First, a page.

Lucy Guerin

ArtsWatch year in dance 2017

From ballet to world to contemporary, where the dance scene led, ArtsWatch followed. In 20 stories, a brisk stroll through the seasons.

Dance in Portland and Oregon has long been on the edge – often financially and sometimes artistically. Yet despite economic challenges you can’t keep it down: the city moves to a dance beat, and every week brings fresh performances. ArtsWatch writers got to a significant share of those shows in 2017, and wrote about them with breadth, wit, and insight.

The twenty ArtsWatch stories here don’t make up a “best of” list, though several of these shows could easily make one. They constitute, rather, a January-to-December snapshot of a rich and busy scene that runs from classical ballet to contemporary and experimental work.

 


 

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A dance down memory lane in 20 tales from ArtsWatch writers:

 

“Hopper’s Dinner”: an exuberant feast. Photo: Blaine Truitt Covert

A mellow Meadow like old times

Jan. 20: “Going to opening night of BodyVox’s Urban Meadow at Lincoln Performance Hall on Thursday evening was a little like dropping over for dinner with a bunch of old friends you haven’t seen in a while, and remembering why you liked them in the first place,” Bob Hicks wrote. “The table was set nicely, the food and wine were good, and everybody swapped old jokes and stories with easy familiarity. There was even a guest of honor, who was fondly feted, and who told a few good tales himself.” The “guest” was the wonderful dancer Erik Skinner, who was retiring from BodyVox (though not from performing) after this run, and the program included a bunch of old favorites that were themselves welcome guests.

Continues…

At White Bird, ‘Attractor’ is magnetic

Australian dance talent meets Javanese musicians, and the result is transformational

Attractor could rightfully be called Condenser for how much talent is concentrated into a single show. First we have Lucy Guerin and Gideon Obarzanek. Though partners in everyday life, they don’t collaborate professionally very often—about every six years by their own account. Portland’s seen some good work by Lucy Guerin Inc., and as one of the founders of Chunky Move, Obarzanek has brought some amazing work through town. However, they’ve never been to Portland at the same time. When the directors of White Bird noted this in the Q&A after the performance, they suggested that they might kidnap them and keep them here. I hope Guerin and Obarzanek didn’t sense how much the audience seemed to support the idea.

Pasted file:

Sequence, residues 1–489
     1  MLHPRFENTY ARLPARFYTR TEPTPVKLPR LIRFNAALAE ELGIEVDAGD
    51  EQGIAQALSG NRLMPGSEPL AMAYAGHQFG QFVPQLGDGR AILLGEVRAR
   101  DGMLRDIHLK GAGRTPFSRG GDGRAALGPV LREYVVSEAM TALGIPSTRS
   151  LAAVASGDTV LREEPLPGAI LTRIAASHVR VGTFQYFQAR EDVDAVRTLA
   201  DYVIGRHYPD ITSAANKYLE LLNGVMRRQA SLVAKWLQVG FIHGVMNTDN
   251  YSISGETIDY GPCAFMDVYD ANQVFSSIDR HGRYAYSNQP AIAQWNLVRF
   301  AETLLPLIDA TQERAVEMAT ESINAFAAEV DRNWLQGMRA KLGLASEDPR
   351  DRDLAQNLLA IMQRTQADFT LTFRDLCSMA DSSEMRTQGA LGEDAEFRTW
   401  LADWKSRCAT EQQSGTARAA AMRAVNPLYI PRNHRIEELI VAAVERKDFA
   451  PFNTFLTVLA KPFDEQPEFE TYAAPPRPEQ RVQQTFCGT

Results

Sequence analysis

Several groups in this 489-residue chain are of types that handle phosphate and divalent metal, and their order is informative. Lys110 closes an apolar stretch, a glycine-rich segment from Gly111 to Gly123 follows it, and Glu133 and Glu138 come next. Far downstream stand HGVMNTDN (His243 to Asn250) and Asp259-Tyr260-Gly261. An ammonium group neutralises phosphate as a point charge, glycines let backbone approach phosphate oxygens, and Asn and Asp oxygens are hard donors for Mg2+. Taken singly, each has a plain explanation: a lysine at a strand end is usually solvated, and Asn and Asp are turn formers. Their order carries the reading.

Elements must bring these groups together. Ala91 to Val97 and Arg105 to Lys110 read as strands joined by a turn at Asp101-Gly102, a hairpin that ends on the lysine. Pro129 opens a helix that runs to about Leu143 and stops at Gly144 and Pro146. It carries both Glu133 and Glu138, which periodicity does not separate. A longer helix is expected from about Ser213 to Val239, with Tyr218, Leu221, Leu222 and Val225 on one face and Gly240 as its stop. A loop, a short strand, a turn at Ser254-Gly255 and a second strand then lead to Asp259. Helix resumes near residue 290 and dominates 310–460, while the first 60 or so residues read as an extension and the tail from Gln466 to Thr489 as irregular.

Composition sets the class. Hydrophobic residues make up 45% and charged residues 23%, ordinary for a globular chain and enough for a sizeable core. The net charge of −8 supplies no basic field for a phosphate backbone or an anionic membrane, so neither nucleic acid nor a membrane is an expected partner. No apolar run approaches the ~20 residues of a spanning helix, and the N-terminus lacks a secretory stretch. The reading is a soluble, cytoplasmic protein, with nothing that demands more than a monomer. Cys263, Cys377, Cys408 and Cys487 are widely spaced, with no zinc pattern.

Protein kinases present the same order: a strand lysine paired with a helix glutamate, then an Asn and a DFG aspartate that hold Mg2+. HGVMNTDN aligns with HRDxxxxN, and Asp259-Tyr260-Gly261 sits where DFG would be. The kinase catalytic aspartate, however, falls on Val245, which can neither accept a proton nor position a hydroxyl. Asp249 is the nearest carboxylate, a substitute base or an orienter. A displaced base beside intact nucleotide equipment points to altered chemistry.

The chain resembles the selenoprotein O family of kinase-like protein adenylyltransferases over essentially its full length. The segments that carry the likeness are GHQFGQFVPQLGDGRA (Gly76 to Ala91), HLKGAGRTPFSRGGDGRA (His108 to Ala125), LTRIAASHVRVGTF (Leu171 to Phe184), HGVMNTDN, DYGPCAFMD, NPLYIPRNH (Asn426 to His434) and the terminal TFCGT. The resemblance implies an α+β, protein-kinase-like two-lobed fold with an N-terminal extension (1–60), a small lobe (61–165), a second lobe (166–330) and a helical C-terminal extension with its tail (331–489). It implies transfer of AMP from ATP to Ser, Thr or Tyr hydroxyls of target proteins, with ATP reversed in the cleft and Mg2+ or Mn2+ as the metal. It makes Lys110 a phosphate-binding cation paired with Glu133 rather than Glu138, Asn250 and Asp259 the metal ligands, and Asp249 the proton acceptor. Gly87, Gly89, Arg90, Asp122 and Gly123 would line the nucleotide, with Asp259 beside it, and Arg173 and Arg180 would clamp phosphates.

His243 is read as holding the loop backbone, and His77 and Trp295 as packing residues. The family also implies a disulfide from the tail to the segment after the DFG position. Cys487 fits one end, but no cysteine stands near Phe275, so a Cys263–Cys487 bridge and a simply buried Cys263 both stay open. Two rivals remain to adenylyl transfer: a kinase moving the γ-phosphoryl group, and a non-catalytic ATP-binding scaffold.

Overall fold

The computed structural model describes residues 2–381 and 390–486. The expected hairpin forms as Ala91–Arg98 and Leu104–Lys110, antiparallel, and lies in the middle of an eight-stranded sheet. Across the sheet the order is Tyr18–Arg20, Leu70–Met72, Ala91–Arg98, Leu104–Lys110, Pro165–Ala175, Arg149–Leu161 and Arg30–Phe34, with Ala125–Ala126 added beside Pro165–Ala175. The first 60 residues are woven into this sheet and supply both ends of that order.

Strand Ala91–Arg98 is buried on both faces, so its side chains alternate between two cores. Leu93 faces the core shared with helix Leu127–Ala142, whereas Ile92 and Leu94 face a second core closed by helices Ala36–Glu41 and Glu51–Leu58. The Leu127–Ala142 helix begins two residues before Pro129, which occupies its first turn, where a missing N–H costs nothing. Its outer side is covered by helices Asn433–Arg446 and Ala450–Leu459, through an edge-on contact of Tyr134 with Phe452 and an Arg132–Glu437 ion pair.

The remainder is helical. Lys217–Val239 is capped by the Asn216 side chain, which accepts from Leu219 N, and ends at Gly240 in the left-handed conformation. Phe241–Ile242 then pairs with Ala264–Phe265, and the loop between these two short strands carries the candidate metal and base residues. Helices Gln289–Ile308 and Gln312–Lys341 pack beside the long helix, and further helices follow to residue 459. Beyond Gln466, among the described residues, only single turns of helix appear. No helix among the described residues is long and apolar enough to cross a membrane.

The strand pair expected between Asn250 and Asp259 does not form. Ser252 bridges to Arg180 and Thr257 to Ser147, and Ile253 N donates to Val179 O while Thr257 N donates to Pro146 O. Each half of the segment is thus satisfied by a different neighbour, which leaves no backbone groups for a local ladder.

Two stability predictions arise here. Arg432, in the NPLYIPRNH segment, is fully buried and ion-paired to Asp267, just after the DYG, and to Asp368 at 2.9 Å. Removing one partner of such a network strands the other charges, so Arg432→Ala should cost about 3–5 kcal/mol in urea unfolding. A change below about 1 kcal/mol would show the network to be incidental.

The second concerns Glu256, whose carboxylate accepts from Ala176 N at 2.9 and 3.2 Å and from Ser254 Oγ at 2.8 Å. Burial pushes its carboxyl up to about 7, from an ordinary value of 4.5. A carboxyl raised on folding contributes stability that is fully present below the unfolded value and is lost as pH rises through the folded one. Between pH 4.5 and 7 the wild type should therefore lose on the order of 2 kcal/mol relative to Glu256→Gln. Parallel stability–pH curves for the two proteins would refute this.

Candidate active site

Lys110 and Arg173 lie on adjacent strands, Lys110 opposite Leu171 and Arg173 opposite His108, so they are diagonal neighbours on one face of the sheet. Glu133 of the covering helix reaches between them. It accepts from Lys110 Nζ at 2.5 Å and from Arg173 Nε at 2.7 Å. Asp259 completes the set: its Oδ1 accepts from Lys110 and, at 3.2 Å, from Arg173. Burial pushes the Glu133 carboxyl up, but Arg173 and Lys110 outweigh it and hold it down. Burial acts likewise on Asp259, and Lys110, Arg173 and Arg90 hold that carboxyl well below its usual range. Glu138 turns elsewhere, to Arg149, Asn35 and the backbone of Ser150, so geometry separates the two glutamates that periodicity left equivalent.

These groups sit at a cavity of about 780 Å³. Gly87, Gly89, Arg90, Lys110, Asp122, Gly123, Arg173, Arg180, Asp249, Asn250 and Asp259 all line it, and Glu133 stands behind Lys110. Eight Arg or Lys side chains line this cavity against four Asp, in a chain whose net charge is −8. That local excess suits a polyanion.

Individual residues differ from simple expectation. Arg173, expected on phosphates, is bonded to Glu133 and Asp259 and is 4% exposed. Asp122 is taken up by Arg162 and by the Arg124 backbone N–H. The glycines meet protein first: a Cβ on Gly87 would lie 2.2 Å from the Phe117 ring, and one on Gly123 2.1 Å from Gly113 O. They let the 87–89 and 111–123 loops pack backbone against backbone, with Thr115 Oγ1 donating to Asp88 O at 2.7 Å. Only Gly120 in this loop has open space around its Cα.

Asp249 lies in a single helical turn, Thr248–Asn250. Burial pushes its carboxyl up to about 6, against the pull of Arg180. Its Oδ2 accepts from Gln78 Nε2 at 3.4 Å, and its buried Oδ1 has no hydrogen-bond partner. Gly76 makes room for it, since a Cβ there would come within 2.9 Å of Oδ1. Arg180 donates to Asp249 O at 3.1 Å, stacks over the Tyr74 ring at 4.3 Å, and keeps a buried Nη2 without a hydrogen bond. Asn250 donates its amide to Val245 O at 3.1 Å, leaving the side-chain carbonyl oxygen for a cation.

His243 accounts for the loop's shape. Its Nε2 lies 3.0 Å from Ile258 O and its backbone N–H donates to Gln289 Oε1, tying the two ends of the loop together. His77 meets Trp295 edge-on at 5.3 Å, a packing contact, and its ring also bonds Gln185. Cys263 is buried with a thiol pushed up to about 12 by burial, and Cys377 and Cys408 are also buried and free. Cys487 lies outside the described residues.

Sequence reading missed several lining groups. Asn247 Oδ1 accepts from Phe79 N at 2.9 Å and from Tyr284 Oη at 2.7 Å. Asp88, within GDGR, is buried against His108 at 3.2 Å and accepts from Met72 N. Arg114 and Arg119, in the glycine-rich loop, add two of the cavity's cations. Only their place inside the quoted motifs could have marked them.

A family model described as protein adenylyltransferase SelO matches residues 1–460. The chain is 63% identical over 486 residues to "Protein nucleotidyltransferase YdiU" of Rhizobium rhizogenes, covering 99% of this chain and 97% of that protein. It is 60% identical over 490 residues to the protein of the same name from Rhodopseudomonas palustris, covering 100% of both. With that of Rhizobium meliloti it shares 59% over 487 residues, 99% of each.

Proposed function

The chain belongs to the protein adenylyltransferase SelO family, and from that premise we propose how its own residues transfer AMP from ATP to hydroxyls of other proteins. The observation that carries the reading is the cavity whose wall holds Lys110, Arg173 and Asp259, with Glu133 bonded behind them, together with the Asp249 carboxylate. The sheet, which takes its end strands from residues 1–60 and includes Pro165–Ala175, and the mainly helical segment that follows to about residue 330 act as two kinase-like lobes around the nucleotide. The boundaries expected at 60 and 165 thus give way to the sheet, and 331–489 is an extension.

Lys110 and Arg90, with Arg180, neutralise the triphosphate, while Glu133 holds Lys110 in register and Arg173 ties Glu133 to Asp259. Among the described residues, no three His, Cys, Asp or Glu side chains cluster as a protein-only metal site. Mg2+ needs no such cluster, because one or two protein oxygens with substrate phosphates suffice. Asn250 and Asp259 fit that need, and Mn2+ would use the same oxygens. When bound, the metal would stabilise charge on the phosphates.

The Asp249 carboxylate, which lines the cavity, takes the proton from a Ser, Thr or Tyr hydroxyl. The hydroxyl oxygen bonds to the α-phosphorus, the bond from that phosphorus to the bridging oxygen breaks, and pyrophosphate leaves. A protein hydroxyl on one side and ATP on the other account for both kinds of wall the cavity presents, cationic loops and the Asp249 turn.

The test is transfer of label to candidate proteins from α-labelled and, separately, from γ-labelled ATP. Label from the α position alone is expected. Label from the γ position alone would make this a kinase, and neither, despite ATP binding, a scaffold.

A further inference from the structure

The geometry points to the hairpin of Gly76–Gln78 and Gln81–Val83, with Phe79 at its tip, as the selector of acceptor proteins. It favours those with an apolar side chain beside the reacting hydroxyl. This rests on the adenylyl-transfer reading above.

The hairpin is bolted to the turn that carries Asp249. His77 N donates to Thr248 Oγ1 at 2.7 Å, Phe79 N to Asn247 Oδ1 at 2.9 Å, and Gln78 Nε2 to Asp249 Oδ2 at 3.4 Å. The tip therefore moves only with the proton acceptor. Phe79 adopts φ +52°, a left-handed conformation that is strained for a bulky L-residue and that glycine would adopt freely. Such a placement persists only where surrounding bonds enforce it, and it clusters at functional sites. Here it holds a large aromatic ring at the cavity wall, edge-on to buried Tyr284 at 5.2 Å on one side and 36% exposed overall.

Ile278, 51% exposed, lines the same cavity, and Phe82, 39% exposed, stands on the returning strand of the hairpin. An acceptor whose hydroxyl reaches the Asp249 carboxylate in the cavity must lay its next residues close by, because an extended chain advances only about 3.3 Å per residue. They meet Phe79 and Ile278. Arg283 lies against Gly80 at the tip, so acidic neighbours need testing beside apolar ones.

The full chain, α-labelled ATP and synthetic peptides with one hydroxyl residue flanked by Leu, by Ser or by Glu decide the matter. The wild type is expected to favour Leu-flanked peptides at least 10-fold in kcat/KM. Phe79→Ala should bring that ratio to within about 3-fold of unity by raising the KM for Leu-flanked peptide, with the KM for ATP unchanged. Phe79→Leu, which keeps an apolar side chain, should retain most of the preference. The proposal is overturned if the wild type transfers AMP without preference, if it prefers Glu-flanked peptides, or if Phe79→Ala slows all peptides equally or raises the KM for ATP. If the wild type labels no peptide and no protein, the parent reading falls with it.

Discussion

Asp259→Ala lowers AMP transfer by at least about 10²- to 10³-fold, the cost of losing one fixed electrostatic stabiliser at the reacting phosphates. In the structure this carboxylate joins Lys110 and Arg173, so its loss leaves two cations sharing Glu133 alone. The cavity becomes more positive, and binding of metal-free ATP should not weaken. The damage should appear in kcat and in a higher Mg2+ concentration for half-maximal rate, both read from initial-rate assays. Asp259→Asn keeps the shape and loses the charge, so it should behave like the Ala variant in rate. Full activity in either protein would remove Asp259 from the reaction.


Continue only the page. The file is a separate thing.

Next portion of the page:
Any collaboration between these two is worth noting, but joining forces with Dancenorth brings a whole new artistic dimension. Created when Ann Roberts placed $100 on the table during a public meeting because she was tired of seeing talented dancers leave Australia or gravitate to the more populous south to pursue their careers, Dancenorth has become an artistic center in Queensland near the Great Barrier Reef. A multifaceted program, the company produces new work, hosts classes, and provides professional development opportunities, putting northern Australia on the map for contemporary dance. They seem to bring with them some of the coastal wildness of their part of the world.

Dancenorth and Senyawa joined forces for ‘Attractor’/Photo courtesy White Bird

Ok, so we have two award-winning choreographers in a rare collaboration and an acclaimed dance company. That’s enough Australian talent to stuff the stage, but those are just the dancers. The musicians knock this one out of the park.

Javanese duo Senyawa are not just central to the stage and the performance. Their work was the inspiration for the entire piece, and they were full creative partners in the development of the choreography. As they developed the show, sometimes the music led the movement decisions, and at other times it followed. This exchange is central to the performance itself, and belies an incredibly fruitful collaboration between these talented groups.

Continues…

Dance Review: Lucy Guerin’s plastic storm

Lucy Guerin Inc's "Weather" is a high pressure system with lots of great dancing

Lucy Guerin's 'Weather'/Heidrun Lohr

Lucy Guerin’s ‘Weather’/Heidrun Lohr

So much of our description of a dance (or almost anything else) depends on context and comparison. Suppose you are a dance fan and you saw Lucy Guerin’s “Weather” last night at Lincoln Hall, after seeing Oregon Ballet Theatre’s “Dream” last weekend. Maybe you’d describe Guerin’s work as a challenging piece of contemporary dance—the score wasn’t very musical at all, despite the title it was abstract, the point of some of the sections seemed to be to exhaust the dancers, and while the movement may have been impressive it wasn’t “beautiful.”